The Hell Ya Beller Fun with hot, pointy, sharp, and caustic stuff.


A nifty work-around for HeeksCNC Kurve offset error

HeeksCNC can be finicky about profiles.  Often I've found that a sketch which should be easily profiled won't generate any gcode at all.  When I look in the console, I find an error like this

  File "/usr/lib/heekscnc/", line 247, in profile
    raise Exception, "couldn't offset kurve " + str(offset_curve)
Exception: couldn't offset kurve <area.Curve object at 0xb6f4bf2c>
It most often happens when profiling inside a closed sketch where the radii is close to the diameter of the cutter.  Sometimes I can get around it by changing from climb to conventional milling or vice versa.
Recently I was profiling several cutouts that were exact copies of one another just rotated around a central point.  Some of the cutouts would profile fine and others wouldn't  I emailed Dan Heeks the author of the software and he clued me in to a work-around.
It seems that the error is coming from the entry point.  By simply setting a new start point for the profile close to the middle of the longest span, the error magically disappears.
This won't work in every case, especially if the pocket is very close to the size of the cutter or made up of tight curves but for the most common cases it should work fine.  Thanks Dan!

Cutting the cube.

I designed a nested cube in HeeksCAD and thought it would be cool to try casting it.  First step is to cut a foam version of it.

Since my router is only a 3 axis machine, I can only do the pocketing operations on one side at a time.

With the pocket operations, it looks something like this:

The interesting challenge here is to find a way to hold the cube in a repeatable position so that I can perform the same set of operations on all six sides.

I was afraid that if I used double-face tape, the cube would be too fragile by the last face to easily remove it from the table.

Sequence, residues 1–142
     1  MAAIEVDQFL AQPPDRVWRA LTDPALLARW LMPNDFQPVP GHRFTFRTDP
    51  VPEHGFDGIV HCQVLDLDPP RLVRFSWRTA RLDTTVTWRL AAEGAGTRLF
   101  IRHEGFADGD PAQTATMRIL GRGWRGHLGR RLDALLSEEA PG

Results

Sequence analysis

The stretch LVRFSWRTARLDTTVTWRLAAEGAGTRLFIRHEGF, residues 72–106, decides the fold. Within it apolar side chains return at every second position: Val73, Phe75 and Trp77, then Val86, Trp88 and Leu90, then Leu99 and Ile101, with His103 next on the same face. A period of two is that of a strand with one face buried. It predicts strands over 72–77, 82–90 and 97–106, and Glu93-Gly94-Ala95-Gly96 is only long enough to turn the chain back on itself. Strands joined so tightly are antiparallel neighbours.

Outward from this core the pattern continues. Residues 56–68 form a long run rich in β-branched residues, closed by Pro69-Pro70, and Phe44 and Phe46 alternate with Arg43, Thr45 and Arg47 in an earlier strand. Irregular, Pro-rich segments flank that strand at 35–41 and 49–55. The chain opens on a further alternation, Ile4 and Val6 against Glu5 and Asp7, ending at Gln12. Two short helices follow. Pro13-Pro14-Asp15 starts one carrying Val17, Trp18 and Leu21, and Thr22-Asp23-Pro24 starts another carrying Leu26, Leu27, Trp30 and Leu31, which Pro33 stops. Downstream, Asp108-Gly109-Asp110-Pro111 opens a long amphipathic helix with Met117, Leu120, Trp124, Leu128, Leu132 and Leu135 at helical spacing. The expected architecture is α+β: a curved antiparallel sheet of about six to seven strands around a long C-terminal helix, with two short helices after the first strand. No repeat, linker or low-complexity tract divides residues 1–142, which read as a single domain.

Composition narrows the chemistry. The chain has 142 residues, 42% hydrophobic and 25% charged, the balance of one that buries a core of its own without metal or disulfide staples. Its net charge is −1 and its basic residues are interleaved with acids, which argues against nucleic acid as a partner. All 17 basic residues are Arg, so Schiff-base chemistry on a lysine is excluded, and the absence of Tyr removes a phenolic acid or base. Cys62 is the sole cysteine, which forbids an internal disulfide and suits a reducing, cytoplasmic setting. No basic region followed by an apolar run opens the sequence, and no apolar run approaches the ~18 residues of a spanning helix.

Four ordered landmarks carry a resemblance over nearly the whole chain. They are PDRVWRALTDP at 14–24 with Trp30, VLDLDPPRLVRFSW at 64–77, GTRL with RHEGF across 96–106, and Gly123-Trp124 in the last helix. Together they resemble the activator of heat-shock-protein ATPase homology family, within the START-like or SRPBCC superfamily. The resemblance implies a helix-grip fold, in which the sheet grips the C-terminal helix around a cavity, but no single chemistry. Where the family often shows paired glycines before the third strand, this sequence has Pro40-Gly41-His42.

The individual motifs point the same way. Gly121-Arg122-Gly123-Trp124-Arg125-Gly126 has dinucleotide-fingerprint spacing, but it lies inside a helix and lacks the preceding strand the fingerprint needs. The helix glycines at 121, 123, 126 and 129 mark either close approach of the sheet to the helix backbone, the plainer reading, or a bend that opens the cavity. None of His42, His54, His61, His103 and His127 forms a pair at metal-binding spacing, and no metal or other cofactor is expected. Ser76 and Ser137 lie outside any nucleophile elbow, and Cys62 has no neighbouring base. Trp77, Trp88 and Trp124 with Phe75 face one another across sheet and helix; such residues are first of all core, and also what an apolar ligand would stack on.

The solution I came up with was to build a jig out of other pieces of foam taped to the table.  The jig is deep enough to hold the cube securely.  It's also tight enough to give a repeatable position.


Am I too proud…?

Designing the thing you want to make takes a lot time, thought, and expertise earned by trial and error.  Designing a way to actually make the thing is the same.  I'm amazed at how much effort and creativity I have to put into holding strategies.  So when it comes right down to it, am I too proud to screw the block right to the machine table?

Nope.  I'm not.


Arrow of Light – Getting Started

O.K.  It's time to get this project rolling.  I've already finished the design, now it's time to turn it into some plaques.   I'm going to be making nine plaques and each plaque is going to have numerous operations including

  • Pocketing the holes
  • Profiling the curved edges
  • Engraving the names and other information
  • Drilling the holes for the arrow holders
  • Drilling a keyhole for the wall hanger on the back

The first problem I have to solve is holding and alignment.  Since I'd like to do the same operation on all nine before moving to the next operation, I need to find a way to hold the stock material securely and repeatably.  Here's the solution I've come up with:  I'll attach a piece of MDF to the router table and pocket out a large area to exactly fit the stock.  The pocket will only be a 1/4" deep or so to keep the stock from sliding sideways with the force of the cutter.  Then I'll attach each piece of stock in the pocket with double-sided tape.

The other advantage of this is that I can cut the stock to the exact dimensions on the table saw and avoid having to profile the entire edge.  The only section that will have to be profiled is the two curved corners.  This will help speed up the machine time.

In the picture above, you can see the design for the 'jig pocket'.  The pocket has round corners to let the cutter move in.  Without that, the corners would be cut round at the radius of the cutter and wouldn't accommodate the square corners of the stock.